Mariano Rivera's theatrical entrance is one of the most recognizable in all of professional sports, but as the Yankees' closer approaches the all-time saves mark, he admits he doesn't even listen to the song.
"I never said that I didn't like it, but I didn't care about the song," Rivera said. "I didn't pick the song. I don't pay attention to the music. When I go in there, I'm going to business. I have a job to do, that's it."
So if Rivera didn't make himself the Sandman, who did?
According to Michael Bonner, the Yankees' senior director of scoreboard and broadcasting, Trevor Hoffman inadvertently had a hand.
Attending the Padres' run to the World Series in San Diego back in 1998, members of the Yankees' upper brass saw how enthusiastically the crowd reacted when Hoffman entered to AC/DC's "Hells Bells."
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"The Yankees executives who were there saw the great entrance and said, 'Wow, we need something like that for Mo,'" Bonner said.
Bonner started with the team in 1999, so among the first orders issued to him and scoreboard director Joe Pullia were to find a suitable song that would accompany Rivera on his charge out of the bullpen.
Before "Enter Sandman," two Guns N' Roses songs -- "Welcome to the Jungle" and "Paradise City" -- were actually used in games early in 1999, to lukewarm reception.
"It just didn't have that feel," Bonner said.
Mike Luzzi, then a freelance crew member with the scoreboard team who was also working at MTV, agreed.
"They were trying a bunch of different songs, and I remember yelling at the guys, 'Nobody's going to catch on to this. It's not working,'" Luzzi said.
"I've got to tell you, after Mo is gone, we won't use ['Enter Sandman'] for anyone else. It's meant for the greatest of all time."
|-- Michael Bonner, Yankees senior director of scoreboard and broadcasting|
So on a Saturday morning, Luzzi lugged his own CD case to Yankee Stadium from Manhattan, pointing to Metallica's self-titled 1991 album and suggesting everyone listen to the first track on the disc.
"We needed something cooler, more ominous," said Luzzi, now a vice president at Turner Sports. "Our job was to try and get the building rocking. The gist of it worked, beginning to put the other club to sleep."
The opening lyrics seemed appropriate to accompany Rivera's now-legendary cutter: "Say your prayers little one, don't forget my son, to include everyone, I tuck you in, warm within, keep you free from sin, 'til the Sandman he comes."
"So we used it that game, and it just had that feel -- the entrance, the way everything comes on," Bonner said. "That was it; that was his song. It stuck from that point on."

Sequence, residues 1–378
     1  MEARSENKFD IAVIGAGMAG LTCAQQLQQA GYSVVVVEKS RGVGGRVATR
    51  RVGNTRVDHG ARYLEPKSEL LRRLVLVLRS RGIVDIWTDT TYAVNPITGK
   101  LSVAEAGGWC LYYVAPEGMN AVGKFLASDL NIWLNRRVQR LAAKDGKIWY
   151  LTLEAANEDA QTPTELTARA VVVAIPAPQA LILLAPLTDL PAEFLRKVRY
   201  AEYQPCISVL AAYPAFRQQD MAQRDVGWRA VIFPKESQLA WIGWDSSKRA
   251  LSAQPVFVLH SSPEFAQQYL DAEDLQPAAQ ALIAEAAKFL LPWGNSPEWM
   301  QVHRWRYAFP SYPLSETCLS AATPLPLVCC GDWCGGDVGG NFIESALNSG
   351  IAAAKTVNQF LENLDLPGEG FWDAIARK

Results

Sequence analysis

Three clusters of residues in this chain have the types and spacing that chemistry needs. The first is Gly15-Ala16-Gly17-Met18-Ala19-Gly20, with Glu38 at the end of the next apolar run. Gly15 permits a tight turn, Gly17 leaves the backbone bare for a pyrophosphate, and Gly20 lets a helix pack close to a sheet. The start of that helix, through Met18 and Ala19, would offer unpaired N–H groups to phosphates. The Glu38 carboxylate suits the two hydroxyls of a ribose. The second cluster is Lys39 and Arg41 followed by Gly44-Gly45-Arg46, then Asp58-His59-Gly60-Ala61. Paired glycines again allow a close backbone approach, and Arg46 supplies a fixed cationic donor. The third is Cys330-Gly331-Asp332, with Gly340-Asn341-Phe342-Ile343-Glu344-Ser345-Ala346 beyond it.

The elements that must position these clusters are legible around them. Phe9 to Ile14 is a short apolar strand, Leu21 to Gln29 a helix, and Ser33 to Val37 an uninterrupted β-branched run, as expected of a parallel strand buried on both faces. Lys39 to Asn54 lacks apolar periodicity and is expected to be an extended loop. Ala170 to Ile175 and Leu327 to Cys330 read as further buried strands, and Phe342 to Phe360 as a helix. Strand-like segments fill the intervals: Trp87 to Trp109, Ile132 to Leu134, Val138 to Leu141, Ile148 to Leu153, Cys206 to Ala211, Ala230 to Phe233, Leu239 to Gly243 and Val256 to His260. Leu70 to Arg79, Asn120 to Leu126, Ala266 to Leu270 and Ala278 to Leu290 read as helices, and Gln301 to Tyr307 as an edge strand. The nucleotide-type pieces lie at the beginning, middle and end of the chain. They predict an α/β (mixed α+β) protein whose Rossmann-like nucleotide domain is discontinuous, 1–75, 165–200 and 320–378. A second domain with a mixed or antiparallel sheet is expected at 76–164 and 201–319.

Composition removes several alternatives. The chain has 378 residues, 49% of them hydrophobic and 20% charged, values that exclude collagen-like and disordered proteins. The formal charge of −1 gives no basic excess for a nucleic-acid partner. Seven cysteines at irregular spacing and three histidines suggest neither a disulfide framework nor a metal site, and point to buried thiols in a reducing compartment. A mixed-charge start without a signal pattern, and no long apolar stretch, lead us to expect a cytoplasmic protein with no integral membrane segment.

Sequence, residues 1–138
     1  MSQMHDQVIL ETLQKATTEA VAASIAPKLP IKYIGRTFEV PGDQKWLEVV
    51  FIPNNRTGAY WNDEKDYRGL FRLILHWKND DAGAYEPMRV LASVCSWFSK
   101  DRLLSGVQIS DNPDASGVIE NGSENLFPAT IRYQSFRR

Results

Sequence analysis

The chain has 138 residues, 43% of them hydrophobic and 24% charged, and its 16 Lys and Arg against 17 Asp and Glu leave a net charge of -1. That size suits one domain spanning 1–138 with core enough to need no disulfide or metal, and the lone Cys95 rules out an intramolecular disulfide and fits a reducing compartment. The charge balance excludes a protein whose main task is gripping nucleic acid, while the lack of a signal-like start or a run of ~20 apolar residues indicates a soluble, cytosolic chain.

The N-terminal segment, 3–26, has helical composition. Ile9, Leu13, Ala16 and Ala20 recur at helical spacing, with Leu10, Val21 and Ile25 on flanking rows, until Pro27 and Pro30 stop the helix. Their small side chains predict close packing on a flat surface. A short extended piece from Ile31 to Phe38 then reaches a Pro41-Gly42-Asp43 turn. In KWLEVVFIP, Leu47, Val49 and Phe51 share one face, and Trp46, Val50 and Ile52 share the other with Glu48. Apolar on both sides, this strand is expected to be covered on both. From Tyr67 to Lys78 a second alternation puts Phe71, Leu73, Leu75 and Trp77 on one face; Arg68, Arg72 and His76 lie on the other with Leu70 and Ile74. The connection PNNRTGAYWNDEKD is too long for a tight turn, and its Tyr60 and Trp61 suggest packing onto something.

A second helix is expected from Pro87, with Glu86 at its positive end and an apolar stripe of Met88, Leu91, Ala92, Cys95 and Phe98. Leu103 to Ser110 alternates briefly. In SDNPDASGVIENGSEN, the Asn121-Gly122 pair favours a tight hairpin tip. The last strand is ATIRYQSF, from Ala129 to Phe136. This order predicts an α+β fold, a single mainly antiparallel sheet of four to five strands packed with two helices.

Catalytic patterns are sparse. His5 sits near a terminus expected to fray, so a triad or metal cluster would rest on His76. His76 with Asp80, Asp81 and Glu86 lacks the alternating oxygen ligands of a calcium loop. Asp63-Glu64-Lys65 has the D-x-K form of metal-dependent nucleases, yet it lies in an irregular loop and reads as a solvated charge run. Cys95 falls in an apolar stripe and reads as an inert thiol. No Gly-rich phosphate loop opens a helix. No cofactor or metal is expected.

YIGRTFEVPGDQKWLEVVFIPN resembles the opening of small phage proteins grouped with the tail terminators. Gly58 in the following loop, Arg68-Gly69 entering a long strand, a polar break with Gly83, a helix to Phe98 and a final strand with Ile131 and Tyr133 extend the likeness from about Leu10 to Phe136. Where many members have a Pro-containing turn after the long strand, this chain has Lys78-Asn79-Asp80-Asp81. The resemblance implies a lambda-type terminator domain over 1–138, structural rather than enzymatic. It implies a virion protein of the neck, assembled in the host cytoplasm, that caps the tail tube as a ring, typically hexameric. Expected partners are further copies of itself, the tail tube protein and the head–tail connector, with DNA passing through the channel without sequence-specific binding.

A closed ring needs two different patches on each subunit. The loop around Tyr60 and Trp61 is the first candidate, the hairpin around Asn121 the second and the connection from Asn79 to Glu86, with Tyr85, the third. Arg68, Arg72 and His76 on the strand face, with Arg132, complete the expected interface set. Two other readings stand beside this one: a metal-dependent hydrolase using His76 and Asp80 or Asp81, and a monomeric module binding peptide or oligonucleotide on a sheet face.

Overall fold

In the years since, Rivera and "Enter Sandman" have become intertwined. Though Metallica isn't his style -- he prefers Christian music -- Rivera met lead singer James Hetfield before a 2005 game and sometimes inks autographs using the song's name as an inscription.
When the Mets signed Billy Wagner as their closer in 2006, there was actually a stir that Wagner would dare to use Rivera's entrance song in the same city (in fairness, Wagner also began using "Enter Sandman" in 1999 with the Astros), but Rivera didn't mind.
"It's not part of my identity," Rivera said. "People identify it [with me], but that's it. I wouldn't say that's my identity. To tell you the truth, I have to do one thing. I go out there and pitch."
When Rivera says that the song is not a big deal to him, Bonner believes it.
"For years, he couldn't tell you the name of the song, he couldn't tell you that it was Metallica," Bonner said. "I used to tease him when he'd ask me for something, and I'd say, 'All right, that's it, I'm not going to use "Enter Sandman" anymore.' And he was like, 'I don't care.' I think the fans care about it more."
The fans do love it, and the band has also embraced the connection.
When Metallica played the Rock and Roll Hall of Fame concert at Madison Square Garden in October 2009, their representatives called the Yankees for footage of Rivera's entrance that could accompany the song.
But once Rivera is no longer closing games for the Yankees, Bonner said, the song will be retired at Yankee Stadium along with him.
"I've got to tell you, after Mo is gone, we won't use that for anyone else," Bonner said. "It's meant for the greatest of all time."